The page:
Our masculine and modern, farmhouse bathroom remodel is starting in about two weeks, and I am so excited to see this space transformed. Today I want to talk about the bathroom floor plan and design. I knew as soon as I saw it that the space had a ton of potential to be so much better than it was.
I mentioned in my last post that my clients wanted a double vanity with more storage, a freestanding tub, and a better shower with some privacy (no full glass walls). Floor planning is one of my favorite parts of any project, and I like to challenge myself to come up with as many options as possible while meeting the clients’ requests. Sometimes there is only one good option, and oftentimes there are several.
The primary criteria for designing the floor plan were:
- Incorporate freestanding tub under the windows.
- Create a double vanity with plenty of usable storage.
- Enlarge the shower to let in natural light, making it feel open and luxurious.
- Incorporate wall niches in the shower and at the tub for toiletry storage.
- Include a bench in the shower.
I also wanted to explore the idea of creating an enclosed water closet even though my clients didn’t request it. I knew that I was definitely going to use the space from the office closet, so each option takes that into account. These are my basic plans completed as part of my Phase 1 conceptual design service.
Bathroom Floor Plan Option #1
In this first option, I slid the toilet down into the area I made by removing the office closet. That allowed me to create a double vanity almost seven feet long, which is a great length for two people. The shower is a generous 42″ by 64″ on the interior with a stone top bench along the exterior wall. The freestanding tub remains under the windows in every plan. I like this option because of the potential for a cool vintage-style rug and the long continuous vanity.
Bathroom Floor Plan Option #2
In option two, I shifted the toilet towards the exterior wall in order to create an enclosed water closet. I played around with a slightly different configuration for the shower, and the vanity is still a generous 66″ long.
Bathroom Floor Plan Option #3
This option is similar to the last option except I swapped the water closet and shower. This option creates the potential for some different design details at the shower. I like that the shower head is on a short wall opposite the bench.
The downside is that the hand shower would be farther away from the bench, which isn’t great for aging in place. I could remedy that with a full-height wall, but then the shower wouldn’t get the great natural light from the large windows. I do not place plumbing on exterior walls here in Iowa with the extreme temperatures.
Bathroom Floor Plan Option #4
In this last option, the shower configuration is similar to the first two plans. I did tuck the shower back by a few inches just to make construction a little easier. I created an asymmetrical corner vanity with a wall cabinet in the corner.
Ultimately, my clients selected this fourth option. They liked the corner vanity and the extra storage in the wall cabinet. After exploring the vanity design a little more, I tweaked the cabinetry slightly. I am a very symmetrical person, and I was struggling with the asymmetrical design.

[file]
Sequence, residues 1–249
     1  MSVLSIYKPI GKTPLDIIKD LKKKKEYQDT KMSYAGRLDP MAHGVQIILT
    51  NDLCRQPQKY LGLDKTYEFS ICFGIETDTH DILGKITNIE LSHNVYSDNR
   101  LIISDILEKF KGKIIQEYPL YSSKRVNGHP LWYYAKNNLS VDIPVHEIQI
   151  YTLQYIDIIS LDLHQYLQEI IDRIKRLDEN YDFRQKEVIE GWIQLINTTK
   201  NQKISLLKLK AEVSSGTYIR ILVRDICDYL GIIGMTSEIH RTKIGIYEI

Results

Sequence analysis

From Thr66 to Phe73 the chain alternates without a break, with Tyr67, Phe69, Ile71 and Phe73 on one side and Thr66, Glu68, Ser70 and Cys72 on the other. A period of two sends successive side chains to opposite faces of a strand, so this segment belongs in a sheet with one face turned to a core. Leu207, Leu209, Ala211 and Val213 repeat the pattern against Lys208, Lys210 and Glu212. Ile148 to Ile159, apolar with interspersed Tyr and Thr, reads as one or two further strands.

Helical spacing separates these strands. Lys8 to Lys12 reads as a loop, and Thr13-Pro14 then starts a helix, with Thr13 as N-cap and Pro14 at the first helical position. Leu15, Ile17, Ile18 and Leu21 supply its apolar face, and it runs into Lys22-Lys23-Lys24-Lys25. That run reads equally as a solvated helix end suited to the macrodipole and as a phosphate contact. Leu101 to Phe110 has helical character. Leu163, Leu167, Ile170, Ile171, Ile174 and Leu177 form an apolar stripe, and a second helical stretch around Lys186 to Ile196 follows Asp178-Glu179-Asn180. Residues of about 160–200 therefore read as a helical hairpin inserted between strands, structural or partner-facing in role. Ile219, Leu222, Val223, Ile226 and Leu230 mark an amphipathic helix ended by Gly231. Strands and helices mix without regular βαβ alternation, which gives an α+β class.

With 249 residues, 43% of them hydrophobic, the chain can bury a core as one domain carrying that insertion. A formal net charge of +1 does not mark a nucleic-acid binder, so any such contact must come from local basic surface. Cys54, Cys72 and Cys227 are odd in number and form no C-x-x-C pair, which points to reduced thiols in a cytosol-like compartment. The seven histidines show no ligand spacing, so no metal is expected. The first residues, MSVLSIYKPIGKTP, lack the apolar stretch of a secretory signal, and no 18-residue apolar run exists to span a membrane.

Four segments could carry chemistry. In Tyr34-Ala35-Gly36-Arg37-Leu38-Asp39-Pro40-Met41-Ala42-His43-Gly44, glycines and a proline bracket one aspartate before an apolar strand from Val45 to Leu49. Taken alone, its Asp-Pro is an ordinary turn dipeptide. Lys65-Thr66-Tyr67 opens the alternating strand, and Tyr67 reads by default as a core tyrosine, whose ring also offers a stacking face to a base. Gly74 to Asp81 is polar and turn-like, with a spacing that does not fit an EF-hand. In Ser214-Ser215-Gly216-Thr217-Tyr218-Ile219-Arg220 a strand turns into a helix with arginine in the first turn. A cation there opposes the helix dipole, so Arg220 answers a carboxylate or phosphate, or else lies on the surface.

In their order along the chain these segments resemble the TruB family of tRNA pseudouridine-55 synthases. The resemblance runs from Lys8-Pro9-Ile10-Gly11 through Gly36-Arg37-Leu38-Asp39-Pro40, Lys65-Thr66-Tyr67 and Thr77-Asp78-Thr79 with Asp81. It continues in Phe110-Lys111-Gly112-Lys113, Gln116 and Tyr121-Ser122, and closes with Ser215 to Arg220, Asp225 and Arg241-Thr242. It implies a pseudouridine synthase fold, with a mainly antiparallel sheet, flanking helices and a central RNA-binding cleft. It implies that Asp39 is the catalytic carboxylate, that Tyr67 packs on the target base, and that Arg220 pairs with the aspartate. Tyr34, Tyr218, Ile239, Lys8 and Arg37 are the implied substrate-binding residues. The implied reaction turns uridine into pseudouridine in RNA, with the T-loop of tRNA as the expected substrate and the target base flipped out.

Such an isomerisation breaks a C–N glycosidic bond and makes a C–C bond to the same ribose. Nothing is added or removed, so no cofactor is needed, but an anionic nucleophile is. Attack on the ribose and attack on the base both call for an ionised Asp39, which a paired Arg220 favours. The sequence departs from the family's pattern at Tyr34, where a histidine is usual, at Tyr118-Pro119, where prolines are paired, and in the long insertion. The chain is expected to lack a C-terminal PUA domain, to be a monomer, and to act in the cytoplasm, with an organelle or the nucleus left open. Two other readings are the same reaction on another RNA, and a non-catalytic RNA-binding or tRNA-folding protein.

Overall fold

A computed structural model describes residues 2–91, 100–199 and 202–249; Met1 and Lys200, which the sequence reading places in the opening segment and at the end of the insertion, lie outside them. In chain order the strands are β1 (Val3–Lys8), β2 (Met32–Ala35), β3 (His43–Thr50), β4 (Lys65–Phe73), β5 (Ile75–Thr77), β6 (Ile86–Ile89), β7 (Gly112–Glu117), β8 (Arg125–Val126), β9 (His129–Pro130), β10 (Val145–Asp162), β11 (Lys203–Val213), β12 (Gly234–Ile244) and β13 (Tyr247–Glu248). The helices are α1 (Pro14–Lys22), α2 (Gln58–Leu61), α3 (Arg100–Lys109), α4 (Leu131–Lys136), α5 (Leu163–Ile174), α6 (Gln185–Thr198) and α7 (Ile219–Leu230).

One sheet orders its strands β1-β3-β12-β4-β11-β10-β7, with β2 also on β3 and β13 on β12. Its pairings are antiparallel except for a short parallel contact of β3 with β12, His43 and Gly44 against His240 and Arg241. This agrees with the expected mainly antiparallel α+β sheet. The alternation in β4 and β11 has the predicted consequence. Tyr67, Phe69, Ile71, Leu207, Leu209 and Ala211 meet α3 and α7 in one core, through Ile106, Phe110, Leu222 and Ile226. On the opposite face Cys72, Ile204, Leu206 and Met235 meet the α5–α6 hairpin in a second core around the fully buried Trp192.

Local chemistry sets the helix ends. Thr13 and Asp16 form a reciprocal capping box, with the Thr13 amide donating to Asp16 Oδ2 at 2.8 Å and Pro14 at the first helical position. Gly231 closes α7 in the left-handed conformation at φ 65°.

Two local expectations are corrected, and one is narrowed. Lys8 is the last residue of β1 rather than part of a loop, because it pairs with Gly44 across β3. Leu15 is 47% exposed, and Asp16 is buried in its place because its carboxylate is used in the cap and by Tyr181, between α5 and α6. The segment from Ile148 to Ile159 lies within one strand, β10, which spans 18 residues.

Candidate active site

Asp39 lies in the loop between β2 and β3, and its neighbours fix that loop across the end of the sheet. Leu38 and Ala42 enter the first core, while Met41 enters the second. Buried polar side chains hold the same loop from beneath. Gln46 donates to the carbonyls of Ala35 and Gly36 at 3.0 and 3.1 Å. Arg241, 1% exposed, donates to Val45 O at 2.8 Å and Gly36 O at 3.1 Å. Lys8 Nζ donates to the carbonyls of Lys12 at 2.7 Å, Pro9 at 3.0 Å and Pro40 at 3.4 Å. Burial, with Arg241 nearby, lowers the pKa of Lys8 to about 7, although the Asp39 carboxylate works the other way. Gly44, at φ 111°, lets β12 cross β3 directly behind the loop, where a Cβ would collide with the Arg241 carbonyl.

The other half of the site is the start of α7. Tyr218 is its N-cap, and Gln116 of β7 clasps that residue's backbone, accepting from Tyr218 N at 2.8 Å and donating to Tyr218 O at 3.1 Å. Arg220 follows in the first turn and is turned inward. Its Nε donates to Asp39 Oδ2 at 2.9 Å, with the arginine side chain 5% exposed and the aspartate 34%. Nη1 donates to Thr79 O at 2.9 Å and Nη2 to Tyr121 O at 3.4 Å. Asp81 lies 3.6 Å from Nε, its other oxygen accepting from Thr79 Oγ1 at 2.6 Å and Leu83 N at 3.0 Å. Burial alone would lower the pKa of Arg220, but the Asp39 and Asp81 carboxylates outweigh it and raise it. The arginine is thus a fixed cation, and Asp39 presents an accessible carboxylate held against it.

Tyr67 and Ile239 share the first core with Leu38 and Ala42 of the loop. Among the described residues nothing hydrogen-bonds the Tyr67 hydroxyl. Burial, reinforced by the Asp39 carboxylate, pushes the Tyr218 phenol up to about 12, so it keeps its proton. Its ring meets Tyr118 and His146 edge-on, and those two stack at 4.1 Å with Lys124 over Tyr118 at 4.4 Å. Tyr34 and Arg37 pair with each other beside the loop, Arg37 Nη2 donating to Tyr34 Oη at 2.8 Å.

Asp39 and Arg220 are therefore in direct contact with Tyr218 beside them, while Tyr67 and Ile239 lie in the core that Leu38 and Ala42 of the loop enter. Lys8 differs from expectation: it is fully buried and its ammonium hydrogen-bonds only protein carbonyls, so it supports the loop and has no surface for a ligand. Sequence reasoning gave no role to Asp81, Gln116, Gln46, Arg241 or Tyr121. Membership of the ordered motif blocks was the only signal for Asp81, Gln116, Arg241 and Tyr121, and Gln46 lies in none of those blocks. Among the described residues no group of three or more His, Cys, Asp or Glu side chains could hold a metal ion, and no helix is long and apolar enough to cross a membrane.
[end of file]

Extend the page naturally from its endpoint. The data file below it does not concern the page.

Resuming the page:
This is the final layout from Phase 2 Design Development after tweaking the cabinets and adding some details to the shower.
The right side of the vanity is longer, so I planned to make it feel symmetrical on its own. The right side is shorter and part of it runs under the window. I knew that I wanted to emphasize the asymmetry by using different lighting fixtures on each side rather than try to make them feel the same.
Aesthetically, I wanted to add architectural interest and dimension to the room through the use of moldings, while still keeping it simple and modern. I didn’t feel like shiplap was appropriate to this project (and I’m a little tired of it), so I went with a simple board and batten detail for the wainscot. The mirrors will be integrated into the trim with a simple painted frame.
I haven’t specified pendants at a bathroom sink before, but I do like the look. In this design, they made total sense. I didn’t have space to mount them on the mirror, and I needed them to coordinate with the light on the smaller side of the vanity without matching. I felt like using two different wall-mount lights would look off, so pendants solved all of my problems brilliantly.
On the left side, the vanity is shorter with less wall space for the mirror, so I did have to use a light over the mirror. I only do this as a last resort as overhead lights cast more shadows on the face.
This section view shows the interior of the shower with the floating bench as well as the niches at the tub and shower. We are adding new casing to the windows to give them more architectural presence and painting them the same color as the wainscot.
This elevation shows the shower pony wall and how the board and batten wainscot continues around the exterior of the shower.
One change I will make before construction is to flip the shower door swing. (I always plan my doors so that you can reach in to turn on the water without getting wet. In this setup, you wouldn’t be able to do that because the controls are behind the door.)
I hope you enjoyed this peek into my design process. I love doing these technical drawings and thinking through all of the little details. It’s the perfect marriage of my interior design love and industrial engineering education. In my next post for this project, I will share all of the fixtures and finishes that we selected.